Andrea Riseborough appears in “Possessor,” by Brandon Cronenberg, an official selection of the World Cinema Dramatic Competition at the 2020 Sundance Film Festival. Courtesy of Sundance Institute | photo by Karim Hussain.
Brandon Cronenberg may be virtually unknown to mainstream moviegoers, but connoisseurs of the horror genre are in for a disturbingly delicious treat with “Possessor,” a no-holds-barred psychological slasher film that questions both our humanity and the predator within.
While Italian horror genius Dario Argento is rightfully dubbed the “Master of the Thrill,” Cronenberg’s second feature offers something far more powerful and lurid, a more violent ride than even the great Argento could never muster. In fact, here is a film that may be brave enough to reinvent the horror genre, showcasing a singular vision that shines brightly through a splattering of blood and gore.
This may sound all too familiar. After all, Brandon is the son of body-horror genre king David Cronenberg. But here he separates himself admirably from his father’s renowned body of work.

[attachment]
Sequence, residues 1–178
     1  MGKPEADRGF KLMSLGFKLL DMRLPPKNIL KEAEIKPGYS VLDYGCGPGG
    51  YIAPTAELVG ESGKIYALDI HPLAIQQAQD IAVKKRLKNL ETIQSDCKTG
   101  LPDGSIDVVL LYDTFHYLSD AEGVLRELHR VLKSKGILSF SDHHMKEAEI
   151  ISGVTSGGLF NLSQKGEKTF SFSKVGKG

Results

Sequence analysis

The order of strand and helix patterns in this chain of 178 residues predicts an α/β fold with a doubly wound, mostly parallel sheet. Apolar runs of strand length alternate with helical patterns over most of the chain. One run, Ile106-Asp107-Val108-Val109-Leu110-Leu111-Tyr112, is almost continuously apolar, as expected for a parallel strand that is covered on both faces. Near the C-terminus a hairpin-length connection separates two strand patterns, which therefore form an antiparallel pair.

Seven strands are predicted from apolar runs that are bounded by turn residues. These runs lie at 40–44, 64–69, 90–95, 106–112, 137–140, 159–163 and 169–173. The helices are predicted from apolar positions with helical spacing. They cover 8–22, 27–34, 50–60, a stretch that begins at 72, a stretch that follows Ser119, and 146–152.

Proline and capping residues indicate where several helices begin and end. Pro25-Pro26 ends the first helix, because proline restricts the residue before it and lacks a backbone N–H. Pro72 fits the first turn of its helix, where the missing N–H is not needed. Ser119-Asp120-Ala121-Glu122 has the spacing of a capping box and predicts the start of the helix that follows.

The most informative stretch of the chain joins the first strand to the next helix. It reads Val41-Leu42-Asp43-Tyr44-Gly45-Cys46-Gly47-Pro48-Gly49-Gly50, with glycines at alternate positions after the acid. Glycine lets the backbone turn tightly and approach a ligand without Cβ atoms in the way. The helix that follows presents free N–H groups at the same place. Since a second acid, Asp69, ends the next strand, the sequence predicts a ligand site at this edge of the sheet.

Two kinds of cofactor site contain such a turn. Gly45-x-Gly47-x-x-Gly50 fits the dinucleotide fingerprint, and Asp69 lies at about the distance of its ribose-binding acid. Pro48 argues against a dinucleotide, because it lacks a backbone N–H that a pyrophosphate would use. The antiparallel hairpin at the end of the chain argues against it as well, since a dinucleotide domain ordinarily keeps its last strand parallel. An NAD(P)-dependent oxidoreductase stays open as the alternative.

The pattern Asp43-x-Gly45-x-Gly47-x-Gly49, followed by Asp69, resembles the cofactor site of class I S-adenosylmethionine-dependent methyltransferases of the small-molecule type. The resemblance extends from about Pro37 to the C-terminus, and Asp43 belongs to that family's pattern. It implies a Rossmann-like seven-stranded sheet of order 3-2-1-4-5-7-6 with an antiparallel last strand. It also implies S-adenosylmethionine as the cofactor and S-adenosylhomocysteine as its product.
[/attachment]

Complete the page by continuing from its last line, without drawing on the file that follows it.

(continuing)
Bold and spirited, “Possessor” is the story of Tasya Vos (Andrea Riseborough), a contract killer capable of implanting her consciousness into others. After taking out victims, she escapes from her host by forcing them to commit suicide: clean and easy, it’s the perfect crime.
Renowned for her prowess and skills, Vos is recruited regularly, but the process has its drawbacks. Every time she returns to her body, she must reset and recalibrate to remember exactly who she is. Somehow aware that she is losing her grip on reality, Vos tries to connect with her estranged husband and child, but even here she rehearses her reactions to appear normal.
Vos becomes increasingly violent on her missions, using more blunt force and savagery than is necessary to kill her prey. She eventually spins out of control after inhabiting the body and mind of Colin (Christopher Abbott), a man about to marry into a wealthy family, suffering a physical and mental breakdown that leaves her stuck inside her host. Meanwhile, Colin fights to regain his consciousness, while Vos wrestles to get free.
“Possessor” strikes an effective balance between intellectuality and brutality, using extreme gore to underline its narrative. As a result, “Possessor” makes an impressive statement, one in which audiences will be equally appalled and amazed. Either way, the film wins. As Argento once said: “I like when people are disgusted because it means you’ve made an impression on them. A deep impression…”